Former contestant Taylor Nolan is under by Washington state health officials for past controversial and extremely questionable comments she made on Twitter.

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Although Washington Department of Health spokesperson Gordon MacCracken confirmed they’re looking into ’s posts on Wednesday, March 24, he clarified that it “doesn’t necessarily mean that disciplinary action will occur, just that we are moving to the stage of an investigation.” He explained there’s no specific timeline for how long the investigation could take, adding that he can’t “predict an outcome.”

Nolan — who is a licensed mental health counselor — first came under fire in February for old , taking aim at the BIPOC, LGBTQ, Asian, Indian, Jewish and mental health communities. The Washington Department of Health contemplated looking into Nolan’s controversial tweets earlier this month after receiving “multiple complaints” from people who felt Nolan’s mental health counselor license should be revoked in light of her posts. 

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The 27-year-old received her license in 2016 and went on to appear on Nick Viall’s season of The Bachelor in 2017 followed by Bachelor in Paradise — which she won.

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Nolan’s tweets, which spanned from 2011-2013, included her calling out “loud ass black people” and saying that “#Asian problem arent sh*t” because stereotypes include “they have a small penis.” She also wrote: “#WeWontWorkIf I have ever diagnosed you with a personality disorder,” and replied to the thread, “treatment: SUICIDE.”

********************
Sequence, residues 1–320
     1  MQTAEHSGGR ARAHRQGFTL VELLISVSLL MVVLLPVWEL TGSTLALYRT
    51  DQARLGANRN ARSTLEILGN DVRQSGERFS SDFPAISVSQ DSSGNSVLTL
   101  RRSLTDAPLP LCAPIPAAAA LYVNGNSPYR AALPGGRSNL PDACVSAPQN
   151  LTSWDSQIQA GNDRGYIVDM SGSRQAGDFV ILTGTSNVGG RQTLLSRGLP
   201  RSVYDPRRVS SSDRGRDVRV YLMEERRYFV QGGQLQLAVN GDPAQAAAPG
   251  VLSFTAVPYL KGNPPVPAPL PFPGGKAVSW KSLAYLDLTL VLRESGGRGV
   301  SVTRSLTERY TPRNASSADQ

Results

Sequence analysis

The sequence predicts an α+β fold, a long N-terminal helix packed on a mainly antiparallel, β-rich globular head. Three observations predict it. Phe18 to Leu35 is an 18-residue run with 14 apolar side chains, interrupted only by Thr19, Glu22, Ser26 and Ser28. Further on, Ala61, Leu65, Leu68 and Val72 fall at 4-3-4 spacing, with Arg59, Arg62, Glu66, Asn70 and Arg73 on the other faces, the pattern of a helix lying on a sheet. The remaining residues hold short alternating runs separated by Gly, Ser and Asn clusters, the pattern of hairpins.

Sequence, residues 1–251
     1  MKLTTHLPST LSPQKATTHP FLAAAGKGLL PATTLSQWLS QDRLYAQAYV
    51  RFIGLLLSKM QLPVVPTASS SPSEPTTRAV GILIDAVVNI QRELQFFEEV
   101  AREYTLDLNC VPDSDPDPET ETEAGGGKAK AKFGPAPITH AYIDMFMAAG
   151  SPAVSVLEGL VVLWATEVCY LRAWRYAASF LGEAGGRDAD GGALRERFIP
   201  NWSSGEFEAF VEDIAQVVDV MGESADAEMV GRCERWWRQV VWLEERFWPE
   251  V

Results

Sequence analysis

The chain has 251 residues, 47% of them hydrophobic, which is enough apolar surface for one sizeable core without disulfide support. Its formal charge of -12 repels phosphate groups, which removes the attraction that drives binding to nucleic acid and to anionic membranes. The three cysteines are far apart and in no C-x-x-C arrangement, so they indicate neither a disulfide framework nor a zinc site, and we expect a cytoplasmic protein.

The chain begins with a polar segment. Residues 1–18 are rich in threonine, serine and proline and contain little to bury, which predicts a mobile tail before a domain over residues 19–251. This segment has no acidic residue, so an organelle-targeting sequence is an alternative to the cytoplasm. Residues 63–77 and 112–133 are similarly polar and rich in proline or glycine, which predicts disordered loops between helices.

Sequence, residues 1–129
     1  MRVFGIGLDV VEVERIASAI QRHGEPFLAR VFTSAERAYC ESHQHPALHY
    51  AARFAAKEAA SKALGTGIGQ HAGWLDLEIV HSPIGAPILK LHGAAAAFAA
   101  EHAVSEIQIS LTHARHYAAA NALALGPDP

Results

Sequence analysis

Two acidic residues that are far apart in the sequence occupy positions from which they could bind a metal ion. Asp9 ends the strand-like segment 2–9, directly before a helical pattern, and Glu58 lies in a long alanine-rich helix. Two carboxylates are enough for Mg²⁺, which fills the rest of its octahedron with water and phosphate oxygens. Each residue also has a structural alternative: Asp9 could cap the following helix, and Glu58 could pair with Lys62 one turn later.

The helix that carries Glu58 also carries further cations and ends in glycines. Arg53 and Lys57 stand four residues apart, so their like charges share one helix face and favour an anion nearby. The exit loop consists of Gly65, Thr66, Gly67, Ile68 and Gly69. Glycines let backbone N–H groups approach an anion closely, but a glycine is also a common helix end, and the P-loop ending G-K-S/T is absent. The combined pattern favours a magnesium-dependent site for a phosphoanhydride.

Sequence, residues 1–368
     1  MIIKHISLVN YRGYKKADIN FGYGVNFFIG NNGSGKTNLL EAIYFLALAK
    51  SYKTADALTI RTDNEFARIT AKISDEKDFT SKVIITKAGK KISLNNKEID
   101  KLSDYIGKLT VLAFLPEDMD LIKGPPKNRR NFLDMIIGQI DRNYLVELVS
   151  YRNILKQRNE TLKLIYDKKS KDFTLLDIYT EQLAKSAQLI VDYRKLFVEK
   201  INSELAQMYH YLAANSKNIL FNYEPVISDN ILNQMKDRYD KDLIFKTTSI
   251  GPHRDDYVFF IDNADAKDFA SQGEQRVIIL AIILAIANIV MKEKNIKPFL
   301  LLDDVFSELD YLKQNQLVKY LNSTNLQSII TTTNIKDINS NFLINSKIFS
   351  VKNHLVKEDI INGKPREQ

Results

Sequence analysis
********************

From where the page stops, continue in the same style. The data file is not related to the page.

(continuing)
After her tweets went viral in February, the reality star took to Instagram to issue a 30-minute apology, which has since been deleted. “My tweets from 10 years ago are sh*tty, they suck, they were wrong and are hurtful,” she captioned her post, adding that her past commentary doesn’t “take away from the work I do today, they are literally how I got here to doing this work.

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“I never deleted those tweets for a reason because they’ve been a part of my journey since way before going [on] The Bachelor,” she continued, adding that she “didn’t need anyone to call those things out to me to know they were wrong, I’ve been doing that work on my own for the last ten years and it’s the same work I do today and the same work I will continue doing for the rest of my life.”

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After some social media users claimed Nolan — who has been an outspoken advocate against Chris Harrison amid his own recent scandal — was “deflecting” in her statements, she shared another statement, explaining that her post was “a reaction and not an apology.”

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She said she knows “every word of my old tweets are harmful, wrong, triggering and incredibly upsetting to the communities that I identify with and that I support,” before apologizing “to the folks that were triggered and re-traumatized by seeing the hurtful words from my past.” Nolan then apologized to every group she offended from the “women and survivors of sexual assault” to those “struggling with body shame and fatphobia.”